And what an easy-to-open top it is. Mazda abandoned the dual side latches and the top now releases with a single, center-mounted release. With that release tripped, the driver need only to pull the top back and it drops neatly into the space behind the seats, and locks into position with a slight shove down. The entire process takes less than 10 seconds and can be done by the driver alone, while seated. A very impressive piece of engineering.
The double wishbone suspension up front and multilink system in the rear work well with the chassis to provide a very stable and confident feel. The car stays settled through tight corners, with minimal body roll and is very easy to toss around. The only down side is a slightly less refined ride over bumpy strips of pavement, probably more a result of the larger wheels than anything else.
The steering, chassis and suspension all combine to create a car that just eats up corners and curves, while communicating clearly with the driver exactly what each contact patch is doing. I can only imaging what a hoot this car would be on a local track or autocross course. It reminds me of a Japanese expression, Jinba Ittai. . . . . Not really.
Which brings us to our only real complaint about the car. Our touring package included the new for this generation Sport A/T 6-speed automatic, up two gears from the previous generationÃƒÂ¢Ã¢â€šÂ¬Ã¢â€žÂ¢s auto. This transmission can be left in fully automatic mode and will do an acceptable job of rowing the box for you. Though we did notice that the gearbox tends to hunt a little bit in certain rpm ranges and throttle inputs, and it never seems to hold a gear quite as long as you might like while cornering. The overall experience while in the fully automatic mode is a little bit jerky and less than satisfying. You almost get the feeling that the addition of two gears has confused the transmission, which just canÃƒÂ¢Ã¢â€šÂ¬Ã¢â€žÂ¢t quite figure out where it should be.
But in this car, itÃƒÂ¢Ã¢â€šÂ¬Ã¢â€žÂ¢s hard not to feel compelled to switch over to the manual mode, to try and fully involve yourself in the driving experience. And itÃƒÂ¢Ã¢â€šÂ¬Ã¢â€žÂ¢s here where things get worse. For starters, the placement of shift controls on the steering wheel lead to confusion. Two small buttons on the top of the steering wheel are to be used for downshifts while the paddles behind either side of the wheel are to be used for upshifts. We continually found ourselves using the two paddles as though they performed different functions, which left us wondering where the power had gone, until we realized we were in 6th gear cruising at 40 mph.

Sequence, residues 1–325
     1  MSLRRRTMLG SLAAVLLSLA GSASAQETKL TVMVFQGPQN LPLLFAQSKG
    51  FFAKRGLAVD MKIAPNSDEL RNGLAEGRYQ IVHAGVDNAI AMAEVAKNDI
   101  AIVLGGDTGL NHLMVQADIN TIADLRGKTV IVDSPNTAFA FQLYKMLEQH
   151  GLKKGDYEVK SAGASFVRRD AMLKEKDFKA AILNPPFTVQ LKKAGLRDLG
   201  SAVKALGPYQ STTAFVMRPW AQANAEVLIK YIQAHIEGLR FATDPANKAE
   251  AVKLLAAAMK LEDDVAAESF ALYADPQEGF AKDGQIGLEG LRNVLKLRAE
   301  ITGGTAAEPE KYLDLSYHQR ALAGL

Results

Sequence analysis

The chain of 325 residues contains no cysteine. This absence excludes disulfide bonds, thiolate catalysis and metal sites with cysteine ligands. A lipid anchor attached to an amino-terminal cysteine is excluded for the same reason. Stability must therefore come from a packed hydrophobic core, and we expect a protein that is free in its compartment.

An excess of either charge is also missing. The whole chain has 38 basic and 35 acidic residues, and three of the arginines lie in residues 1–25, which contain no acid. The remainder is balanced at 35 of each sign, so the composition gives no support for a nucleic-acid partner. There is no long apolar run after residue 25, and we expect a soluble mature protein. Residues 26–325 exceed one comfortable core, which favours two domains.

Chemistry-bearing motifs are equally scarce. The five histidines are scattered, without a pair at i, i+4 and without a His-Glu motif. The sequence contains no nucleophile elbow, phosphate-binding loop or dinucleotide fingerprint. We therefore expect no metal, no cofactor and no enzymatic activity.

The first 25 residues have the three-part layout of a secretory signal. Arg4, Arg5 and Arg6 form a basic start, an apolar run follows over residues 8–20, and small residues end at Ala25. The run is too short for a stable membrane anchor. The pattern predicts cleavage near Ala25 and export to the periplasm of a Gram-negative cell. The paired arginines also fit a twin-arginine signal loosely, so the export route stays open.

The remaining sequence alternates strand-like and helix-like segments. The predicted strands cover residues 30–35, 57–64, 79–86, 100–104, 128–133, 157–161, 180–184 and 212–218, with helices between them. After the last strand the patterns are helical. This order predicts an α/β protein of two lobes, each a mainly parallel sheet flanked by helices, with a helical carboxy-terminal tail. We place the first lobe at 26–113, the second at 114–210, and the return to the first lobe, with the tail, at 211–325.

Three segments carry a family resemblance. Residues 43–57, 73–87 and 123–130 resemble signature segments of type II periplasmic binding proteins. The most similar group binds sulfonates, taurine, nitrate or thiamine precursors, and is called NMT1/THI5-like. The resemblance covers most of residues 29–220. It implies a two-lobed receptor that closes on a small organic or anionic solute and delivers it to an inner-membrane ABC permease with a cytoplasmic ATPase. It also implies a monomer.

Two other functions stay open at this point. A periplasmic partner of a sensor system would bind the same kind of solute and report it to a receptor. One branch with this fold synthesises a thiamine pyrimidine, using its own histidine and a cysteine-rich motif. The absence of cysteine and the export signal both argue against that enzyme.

The actual shifting itself tended to be awkward as well, with up shifts sometimes not happening as quickly as you might like. Down shifts seemed to happen quicker, but resulted in less than smooth re-engagement. The system is a far cry from some of the others available on the market, systems like the Borg Warner DSG gearbox found in such cars as the VW GTI.
The easy way to fix all of the problems above is to simply stick with the manual transmission, either the 5-speed that comes standard or the optional 6-speed manual. Not only will you avoid the headaches and frustrations the Sport A/T creates, but youÃƒÂ¢Ã¢â€šÂ¬Ã¢â€žÂ¢ll have more fun. And if the previous generationsÃƒÂ¢Ã¢â€šÂ¬Ã¢â€žÂ¢ manual transmissions are any indication, youÃƒÂ¢Ã¢â€šÂ¬Ã¢â€žÂ¢ll be very pleased with your decision.
The new MX-5 stays true to the previous generationsÃƒÂ¢Ã¢â€šÂ¬Ã¢â€žÂ¢ formula ÃƒÂ¢Ã¢â€šÂ¬” solid engine with near perfect steering, chassis and suspension. This third generation adds a little more aggressive styling, nicer exhaust note, additional power and increased space and comfort. It looks like Mazda just might have a blockbuster sequel on its hands.
Written By: Jeff Walter
Sort by MINI model
- Exclusive: Details From MINI USA’s Annual Sales Meeting
- MINIs On Top – Registration Opens with Teaser Video
- Clarkson Is Gone, Long Live Clarkson
- MINI On The Mack Is Back
- Woofcast #545: I’d Rather Have A Moped
- Opinion: Coupe Confessional
- MINI USA Marketing and Pixels
- BMW and FTC Reach Settlement Over Warranty Service
- MINI USA And LAP Motorsports Set For CTSC Return At Sebring
- Exclusive: MINI USA Pulls Out of the NYC Auto Show
MotoringFile on Instagram
- Recommended Scooters from Just Gotta Scoot
- Kickstart This: Sit Stay Ride 2 – Sidecar Dogs Return
- Police in Barcelona Adopt Fleet of BMW C Evolution Electric Scooters
- New Illinois Law Could Require Motorcycle Awareness Training in Driver’s Ed
- Genuine Unveils New Roughhouse Titanium Special Edition
- AACA Museum Features “Motorbikes for the Masses”
- Piaggio Group Recalls 2,600 Vespas For Faulty Fuel Pumps
- Video: 2015 Vespa GTS 300 ABS Wins Midsize Scooter Shootout
- Two Tiny Vespas That Make a Big Impression
- Video: How to Ride a Vespa
MINI Model Cheat Sheet
R50: One & MC Hatch
R52: All 1st Gen MINI Convt.
R53: MCS Hatch
2nd Gen MINI
R60: MINI Crossover
R61: MINI Crossover Coupe
3rd Gen MINI
F55: Five Door Hatch
F60: MINI Crossover
Advertise with MotoringFile
MotoringFile Buyers GuidesR50 ('02-'06 MC) Buyers Guide
R53 ('02-'06 MCS) Buyers Guide
'12 JCW Coupe
'11 Fiat 500 Sport
'11 Tesla Roaster 2.5 '11 Countryman Comparo
'11 Cooper S Hatch
'11 Countryman MCS (FWD)
'11 Countryman MC (auto)
'10 Mayfair MCS (auto)
'11 Countryman MCS (ALL4)
'10 MINI E
'10 Tesla Roadster Sport
'09 Cooper S Convertible
'09 JCW Hatch
'09 JCW Clubman
JCW Stage I vs JCW Stage II
'08 Clubman S (Auto)
1st Drive: '08 MINI Clubman
'08 Smart Fourtwo
Comparison: '08 BMW 135i
'06 R53 MCS vs '07 R56 MCS
'07 R56 JCW (Stage 1)
'07 MINI Cooper S Long Term
'07 BMW Z4 M Coupe
'07 MINI Cooper & Cooper S
Audio: '07 MC/MCS at the Track
'06 JCW GP Long term
Reader Review: JCW GP
'06 JCW Cooper S Long Term
Comparison: '06 Lotus Elise
Comparison: '06 Mazda MX5
Comparison: '06 UK Focus ST
Comparison: '06 Civic Si
Comparison: '04 TVR T350
Comparison: '06 Nissan 350z
Comparison: '06 VW GTI w/DSG
Podcast: Cooper S Auto
Podcast: BMW 325i
Podcast: JCW MC Soundkit
'04 JCW MINI Cooper Tuning Kit
'05 MCS: One Month Review
'05 MCS Auto
'05 JCW S 1st Drive
'05 MINI Cooper
'05 MCS Conv. Long Term
'05 MINI Cooper S
'05 MCS Cabrio 1st Drive
'04 JCW MCS First Drive
'04 MC w/JCW Tuning Kit
BMW M3 SMG Vs. MCS
'04 MINI Cooper CVT
'02 MCS 3 year Review
Autocrossing the MINI Range